Pons’s study is not the only one to conclude that debates do not, in fact, have an impact. Wlezien arrived at the same finding when he and Robert Erikson of Columbia University analyzed all available U.S. presidential election polls between 1952, when the first televised debate took place, and 2012. The best predictor for a candidate’s standing after a debate season, they found, is what it was before that person’s face-offs.

A variety of factors likely contribute to the ineffectiveness of presidential debates in helping individuals to decide how to vote. For starters, many of the people who take the time to watch debates are those heavily engaged in politics to begin with, Krupnikov says, so they have already committed to a particular candidate. In the U.S. especially, when an election actually takes place, candidates have been campaigning for months—giving Americans plenty of time to have already made up their mind. And even if something sensational does happen in a debate and causes a wider stir, the effects tend to be small and fade by the time of the election. “Debates are short-term events, so they have less effect on people’s choices,” Wlezien says. “These performances just get added into this giant pile of information.”

Also, unlike many other developed countries, the U.S. has only two major political parties—a dichotomy that contributes to deep ideological divides and a strong us-versus-them mentality. The two-party system likely lends weight to Pons’s finding: compared with citizens of other countries, American voters are significantly less likely to change their decision in the two months leading up to an election.

Given all of these observations, most people who watch debates do not view them to be persuaded but to “see how their candidate is going to dominate, smear or embarrass the other candidate,” says Jay Van Bavel, an associate professor of psychology and neural science at New York University. Regardless of what actually transpires in a debate, evidence also indicates that many viewers filter what they see in a way that aligns with their goals and identity. In unpublished results from a new study, Van Bavel found that, depending on which political party they belong to, people shown clips from a 2016 debate between Hillary Clinton and Trump selectively paid attention to different parts and remembered what happened differently. “When partisans tune into a debate, they often walk away with an opinion that just confirms what they believed before the debate began,” Van Bavel says.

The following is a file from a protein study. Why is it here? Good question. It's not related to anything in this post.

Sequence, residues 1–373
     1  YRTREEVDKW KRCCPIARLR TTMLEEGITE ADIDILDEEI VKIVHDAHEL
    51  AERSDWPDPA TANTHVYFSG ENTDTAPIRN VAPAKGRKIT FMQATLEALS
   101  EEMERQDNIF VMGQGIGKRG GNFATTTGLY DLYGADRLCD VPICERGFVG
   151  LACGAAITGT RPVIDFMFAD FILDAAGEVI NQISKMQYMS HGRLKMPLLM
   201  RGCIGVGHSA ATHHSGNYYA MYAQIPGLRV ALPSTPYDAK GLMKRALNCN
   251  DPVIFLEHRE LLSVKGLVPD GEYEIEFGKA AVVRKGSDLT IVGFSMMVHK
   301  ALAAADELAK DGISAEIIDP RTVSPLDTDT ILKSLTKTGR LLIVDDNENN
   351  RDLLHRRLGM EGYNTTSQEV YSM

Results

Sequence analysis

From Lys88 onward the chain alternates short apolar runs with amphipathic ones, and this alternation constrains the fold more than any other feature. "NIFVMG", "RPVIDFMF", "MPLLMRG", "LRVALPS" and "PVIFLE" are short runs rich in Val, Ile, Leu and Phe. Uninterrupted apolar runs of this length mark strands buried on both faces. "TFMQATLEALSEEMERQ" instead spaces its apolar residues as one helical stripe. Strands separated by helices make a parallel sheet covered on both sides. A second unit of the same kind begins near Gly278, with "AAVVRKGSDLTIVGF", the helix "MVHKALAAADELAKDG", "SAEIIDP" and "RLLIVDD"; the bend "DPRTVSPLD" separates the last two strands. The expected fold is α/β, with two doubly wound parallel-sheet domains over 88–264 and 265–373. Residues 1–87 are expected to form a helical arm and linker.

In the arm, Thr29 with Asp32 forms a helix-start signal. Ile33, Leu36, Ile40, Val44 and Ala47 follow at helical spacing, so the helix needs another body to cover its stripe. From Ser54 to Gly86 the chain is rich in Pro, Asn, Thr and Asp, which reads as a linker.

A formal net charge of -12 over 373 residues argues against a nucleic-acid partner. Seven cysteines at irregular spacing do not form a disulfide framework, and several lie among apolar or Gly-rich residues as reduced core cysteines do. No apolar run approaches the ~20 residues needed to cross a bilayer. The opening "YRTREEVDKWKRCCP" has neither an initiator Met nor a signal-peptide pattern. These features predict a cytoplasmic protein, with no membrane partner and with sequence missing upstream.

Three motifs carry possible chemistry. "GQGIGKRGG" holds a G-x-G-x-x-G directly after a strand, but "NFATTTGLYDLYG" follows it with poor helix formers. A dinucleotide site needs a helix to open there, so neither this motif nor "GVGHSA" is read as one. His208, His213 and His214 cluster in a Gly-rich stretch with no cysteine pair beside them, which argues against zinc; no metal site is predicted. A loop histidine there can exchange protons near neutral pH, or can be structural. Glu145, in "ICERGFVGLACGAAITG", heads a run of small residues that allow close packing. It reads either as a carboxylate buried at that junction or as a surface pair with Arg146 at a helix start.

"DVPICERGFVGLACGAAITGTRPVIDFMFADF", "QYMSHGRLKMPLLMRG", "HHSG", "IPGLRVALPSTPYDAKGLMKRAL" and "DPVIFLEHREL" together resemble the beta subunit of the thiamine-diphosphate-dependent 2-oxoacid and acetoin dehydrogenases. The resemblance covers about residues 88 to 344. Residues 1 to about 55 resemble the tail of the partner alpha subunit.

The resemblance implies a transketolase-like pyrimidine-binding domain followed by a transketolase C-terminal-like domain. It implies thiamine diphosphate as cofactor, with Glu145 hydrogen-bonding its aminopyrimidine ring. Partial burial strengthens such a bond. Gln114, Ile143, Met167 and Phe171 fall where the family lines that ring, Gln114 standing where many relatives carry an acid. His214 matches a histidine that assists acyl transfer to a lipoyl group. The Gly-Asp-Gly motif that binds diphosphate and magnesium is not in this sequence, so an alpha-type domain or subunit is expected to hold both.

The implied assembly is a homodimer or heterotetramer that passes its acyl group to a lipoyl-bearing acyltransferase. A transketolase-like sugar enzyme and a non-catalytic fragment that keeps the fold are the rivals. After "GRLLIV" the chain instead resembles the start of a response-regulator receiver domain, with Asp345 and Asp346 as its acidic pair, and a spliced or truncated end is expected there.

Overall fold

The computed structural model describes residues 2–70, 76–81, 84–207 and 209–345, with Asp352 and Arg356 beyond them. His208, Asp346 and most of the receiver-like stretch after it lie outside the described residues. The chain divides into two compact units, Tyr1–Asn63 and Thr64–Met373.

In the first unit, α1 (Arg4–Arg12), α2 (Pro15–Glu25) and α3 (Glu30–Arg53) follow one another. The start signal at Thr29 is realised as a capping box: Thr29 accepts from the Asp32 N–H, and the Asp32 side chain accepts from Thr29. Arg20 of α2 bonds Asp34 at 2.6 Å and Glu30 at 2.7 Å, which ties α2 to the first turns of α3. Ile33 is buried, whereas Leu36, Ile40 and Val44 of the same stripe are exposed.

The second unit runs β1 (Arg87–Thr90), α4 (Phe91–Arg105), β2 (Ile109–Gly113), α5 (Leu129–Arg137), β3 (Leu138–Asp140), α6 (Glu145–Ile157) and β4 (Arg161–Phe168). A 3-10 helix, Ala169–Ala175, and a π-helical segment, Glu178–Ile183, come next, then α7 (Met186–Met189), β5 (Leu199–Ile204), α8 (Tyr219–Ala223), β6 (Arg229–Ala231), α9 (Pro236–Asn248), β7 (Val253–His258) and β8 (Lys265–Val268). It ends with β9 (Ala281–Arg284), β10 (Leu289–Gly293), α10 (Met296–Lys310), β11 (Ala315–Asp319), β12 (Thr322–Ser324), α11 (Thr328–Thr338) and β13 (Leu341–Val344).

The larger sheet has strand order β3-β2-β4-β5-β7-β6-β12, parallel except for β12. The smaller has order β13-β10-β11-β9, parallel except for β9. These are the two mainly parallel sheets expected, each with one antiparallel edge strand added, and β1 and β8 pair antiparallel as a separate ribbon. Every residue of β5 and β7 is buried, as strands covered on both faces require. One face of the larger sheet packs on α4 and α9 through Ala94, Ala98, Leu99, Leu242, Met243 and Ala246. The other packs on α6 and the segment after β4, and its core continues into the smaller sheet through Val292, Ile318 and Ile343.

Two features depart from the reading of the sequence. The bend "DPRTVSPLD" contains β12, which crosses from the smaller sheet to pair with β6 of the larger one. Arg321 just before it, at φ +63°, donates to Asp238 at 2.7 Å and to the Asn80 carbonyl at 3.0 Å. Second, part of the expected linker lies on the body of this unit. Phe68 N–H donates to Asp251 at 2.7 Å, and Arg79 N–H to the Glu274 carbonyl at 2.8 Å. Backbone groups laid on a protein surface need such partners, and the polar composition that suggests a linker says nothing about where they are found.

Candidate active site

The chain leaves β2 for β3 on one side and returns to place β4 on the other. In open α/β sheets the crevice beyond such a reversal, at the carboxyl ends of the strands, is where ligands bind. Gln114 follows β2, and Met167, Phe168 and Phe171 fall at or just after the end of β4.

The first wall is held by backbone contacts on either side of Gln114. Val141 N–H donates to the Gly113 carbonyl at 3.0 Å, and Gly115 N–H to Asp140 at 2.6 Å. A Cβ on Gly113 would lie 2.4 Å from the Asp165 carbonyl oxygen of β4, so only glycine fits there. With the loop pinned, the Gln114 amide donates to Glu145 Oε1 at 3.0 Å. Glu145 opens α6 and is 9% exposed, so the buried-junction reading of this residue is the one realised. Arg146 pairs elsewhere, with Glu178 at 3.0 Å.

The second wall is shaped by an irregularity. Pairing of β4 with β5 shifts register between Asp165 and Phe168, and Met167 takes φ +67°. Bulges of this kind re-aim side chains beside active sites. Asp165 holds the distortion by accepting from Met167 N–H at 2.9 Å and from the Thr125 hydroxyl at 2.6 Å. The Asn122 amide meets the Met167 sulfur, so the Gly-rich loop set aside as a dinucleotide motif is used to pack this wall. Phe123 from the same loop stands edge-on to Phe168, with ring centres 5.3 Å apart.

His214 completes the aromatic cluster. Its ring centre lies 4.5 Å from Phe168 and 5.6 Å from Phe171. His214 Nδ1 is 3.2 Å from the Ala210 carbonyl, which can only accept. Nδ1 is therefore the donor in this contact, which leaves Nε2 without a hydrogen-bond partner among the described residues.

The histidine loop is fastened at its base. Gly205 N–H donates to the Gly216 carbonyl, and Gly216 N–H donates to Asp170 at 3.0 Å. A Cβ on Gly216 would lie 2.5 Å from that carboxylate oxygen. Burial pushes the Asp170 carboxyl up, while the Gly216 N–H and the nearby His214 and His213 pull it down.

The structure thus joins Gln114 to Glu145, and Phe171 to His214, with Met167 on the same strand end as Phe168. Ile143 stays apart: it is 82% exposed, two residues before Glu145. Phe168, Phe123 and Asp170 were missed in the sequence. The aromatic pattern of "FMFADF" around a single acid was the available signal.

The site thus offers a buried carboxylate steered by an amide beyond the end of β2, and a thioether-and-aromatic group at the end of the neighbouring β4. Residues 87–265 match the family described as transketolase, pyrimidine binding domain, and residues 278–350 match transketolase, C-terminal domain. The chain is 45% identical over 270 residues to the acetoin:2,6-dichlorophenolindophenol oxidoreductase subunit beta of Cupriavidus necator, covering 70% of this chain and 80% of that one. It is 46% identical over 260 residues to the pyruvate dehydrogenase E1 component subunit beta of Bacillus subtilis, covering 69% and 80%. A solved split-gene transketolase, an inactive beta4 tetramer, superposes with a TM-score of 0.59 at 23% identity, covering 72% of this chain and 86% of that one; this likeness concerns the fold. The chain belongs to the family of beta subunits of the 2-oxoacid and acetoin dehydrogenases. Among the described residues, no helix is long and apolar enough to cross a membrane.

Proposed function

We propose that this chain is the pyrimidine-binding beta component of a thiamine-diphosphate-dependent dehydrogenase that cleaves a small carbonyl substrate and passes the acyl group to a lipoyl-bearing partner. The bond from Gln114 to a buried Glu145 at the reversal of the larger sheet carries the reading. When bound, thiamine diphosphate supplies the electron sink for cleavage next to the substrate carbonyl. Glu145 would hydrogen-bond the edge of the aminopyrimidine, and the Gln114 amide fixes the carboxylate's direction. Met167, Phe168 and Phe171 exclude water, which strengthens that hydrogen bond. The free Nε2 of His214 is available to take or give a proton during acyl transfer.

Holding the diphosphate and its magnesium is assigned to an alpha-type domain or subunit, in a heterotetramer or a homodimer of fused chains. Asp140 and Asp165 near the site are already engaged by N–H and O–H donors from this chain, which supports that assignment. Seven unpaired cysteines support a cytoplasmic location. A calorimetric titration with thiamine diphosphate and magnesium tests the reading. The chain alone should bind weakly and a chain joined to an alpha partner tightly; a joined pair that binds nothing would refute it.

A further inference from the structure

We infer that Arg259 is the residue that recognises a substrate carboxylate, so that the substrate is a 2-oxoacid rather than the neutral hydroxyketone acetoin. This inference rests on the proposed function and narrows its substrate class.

Presidential debates for the current U.S. election are probably even more subject to these forces than usual. Political polarization is at an extreme high, and voters are already well acquainted with both candidates from their years in office. “The more knowledge you have of someone, the more crystalized your attitude about them is,” Van Bavel says. Additionally, early voting is happening at record levels. Millions of people have already cast their ballot, making the final presidential debate especially inconsequential.

“There’s something very counterintuitive about telling people that, actually, this debate probably won’t matter at all,” Van Bavel says. “The things that will matter in this election—probably more than any other—are voter turnout, voter registration and early voting.”